London Mayor Sadiq Khan has said he is “incredibly worried” about staff absences in vital public services including the NHS, fire service and police due to rapidly rising cases of the Omicron variant, as he urged people to get vaccinated.
Mr Khan called on people to come forward for their boosters and insisted for those who had not had even a first dose of vaccine that it is “never too late” to get a jab.
Omicron is now the dominant coronavirus variant in London, with figures published by the UK Health Security Agency showing that 80.8% of a sample of detectable cases in the capital from December 14 and 15 were found to have S gene target failure (SGTF) – a way of detecting the likely presence of Omicron.
The number of people in hospital with Covid-19 in London, which has seen some of the biggest rises in cases in the last seven days, has risen to 1,534, up 28.6% on last week, according to Government figures on Friday.
A further 341 people with Covid were in hospital in London on December 17, rising from 1,193 on December 10.
By comparison, the rise in hospital admissions across the UK was two per cent on the previous week.
Government figures for vaccination as of Friday show that 67.9% (6.2 million) of Londoners aged 12 and over have had a first dose, 61.5% (5.6 million) have had their second and 28.1% (2.6million) have had a booster or third dose.
Mr Khan told BBC News: “The big issue we have is the number of Londoners who have this virus and that’s leading to big issues in relation to staff absences and the ability of our public services to run at the optimum levels.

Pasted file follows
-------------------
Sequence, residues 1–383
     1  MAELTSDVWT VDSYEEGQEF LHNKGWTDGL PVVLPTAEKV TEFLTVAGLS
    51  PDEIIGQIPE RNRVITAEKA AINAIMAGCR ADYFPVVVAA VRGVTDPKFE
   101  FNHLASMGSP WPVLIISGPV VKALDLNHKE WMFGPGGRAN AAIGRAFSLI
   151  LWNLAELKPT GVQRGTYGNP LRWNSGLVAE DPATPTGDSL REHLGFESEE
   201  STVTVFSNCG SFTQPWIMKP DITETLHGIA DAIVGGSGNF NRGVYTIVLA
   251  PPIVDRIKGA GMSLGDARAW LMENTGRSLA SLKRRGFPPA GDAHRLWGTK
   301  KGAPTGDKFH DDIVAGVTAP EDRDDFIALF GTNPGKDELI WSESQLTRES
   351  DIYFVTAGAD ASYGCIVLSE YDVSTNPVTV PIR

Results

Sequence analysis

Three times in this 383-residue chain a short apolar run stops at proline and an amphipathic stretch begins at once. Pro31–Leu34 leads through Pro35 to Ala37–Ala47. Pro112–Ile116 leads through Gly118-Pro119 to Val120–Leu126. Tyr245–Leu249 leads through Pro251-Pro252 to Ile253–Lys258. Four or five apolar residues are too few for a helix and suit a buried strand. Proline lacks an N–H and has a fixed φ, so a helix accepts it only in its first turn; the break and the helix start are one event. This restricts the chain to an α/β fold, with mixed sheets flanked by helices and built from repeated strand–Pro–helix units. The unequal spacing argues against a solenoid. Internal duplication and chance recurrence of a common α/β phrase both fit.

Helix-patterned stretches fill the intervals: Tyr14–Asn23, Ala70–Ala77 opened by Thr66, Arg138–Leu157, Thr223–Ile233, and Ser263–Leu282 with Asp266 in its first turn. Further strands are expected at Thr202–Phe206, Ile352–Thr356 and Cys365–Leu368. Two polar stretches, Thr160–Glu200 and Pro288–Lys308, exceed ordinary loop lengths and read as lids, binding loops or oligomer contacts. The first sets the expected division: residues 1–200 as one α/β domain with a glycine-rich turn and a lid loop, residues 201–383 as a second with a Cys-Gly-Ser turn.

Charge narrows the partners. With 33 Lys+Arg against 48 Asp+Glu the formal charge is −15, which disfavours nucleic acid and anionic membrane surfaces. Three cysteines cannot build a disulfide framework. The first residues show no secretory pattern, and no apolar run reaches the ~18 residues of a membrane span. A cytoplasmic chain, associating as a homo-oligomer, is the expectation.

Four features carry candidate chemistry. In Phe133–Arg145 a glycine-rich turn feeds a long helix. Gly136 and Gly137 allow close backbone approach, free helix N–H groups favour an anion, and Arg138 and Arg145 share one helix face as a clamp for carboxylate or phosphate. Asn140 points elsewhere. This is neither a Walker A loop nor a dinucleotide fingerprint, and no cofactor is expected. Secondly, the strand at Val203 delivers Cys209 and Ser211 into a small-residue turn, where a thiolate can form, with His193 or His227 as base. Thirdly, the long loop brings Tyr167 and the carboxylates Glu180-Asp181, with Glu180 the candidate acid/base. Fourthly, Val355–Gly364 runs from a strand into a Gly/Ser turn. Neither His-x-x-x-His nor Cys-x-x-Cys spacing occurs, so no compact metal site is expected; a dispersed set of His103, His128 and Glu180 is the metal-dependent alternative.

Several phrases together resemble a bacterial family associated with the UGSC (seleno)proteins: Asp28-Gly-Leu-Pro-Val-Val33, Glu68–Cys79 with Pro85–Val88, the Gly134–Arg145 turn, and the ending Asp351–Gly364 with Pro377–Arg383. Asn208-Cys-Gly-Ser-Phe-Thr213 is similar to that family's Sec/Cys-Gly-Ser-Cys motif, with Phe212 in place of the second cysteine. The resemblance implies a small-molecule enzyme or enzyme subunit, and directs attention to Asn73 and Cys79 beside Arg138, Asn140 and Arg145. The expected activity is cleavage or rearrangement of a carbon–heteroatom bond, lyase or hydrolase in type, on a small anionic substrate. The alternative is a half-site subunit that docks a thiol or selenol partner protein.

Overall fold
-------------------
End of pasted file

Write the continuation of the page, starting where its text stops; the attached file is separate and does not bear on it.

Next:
“I’m incredibly worried about staff absences in the NHS, in the fire brigade, in the police service, in our councils across London. That’s why it’s so, so important for everybody who’s eligible to receive the booster, everybody should be getting the vaccines as well.”
Mr Khan, who visited a mass vaccination pop-up clinic at Chelsea Football Club’s Stamford Bridge stadium on Saturday, has said a series of virtual events will take place in the coming weeks which will see health leaders and community representatives work together to encourage more people to get a jab.
The Mayor’s office said the sessions will include representatives from NHS London as well as from black, Muslim, Jewish and eastern European communities “to encourage open and positive conversations on the current situation in London and why vaccines are such a crucial part of keeping us all safe”.
Mr Khan added: “Over the last week we’ve seen Londoners of all backgrounds and ages lining up outside our pharmacies, hospitals and pop-up vaccination centres which are working around the clock as part of the biggest booster rollout in the country.
“As cases of the Omicron variant continue to rise, I want to make a direct appeal to the more than one million Londoners who are yet to come forward for any Covid-19 vaccinations – it’s never too late to get your first or second dose. It will help to protect you, your loved ones and our NHS.”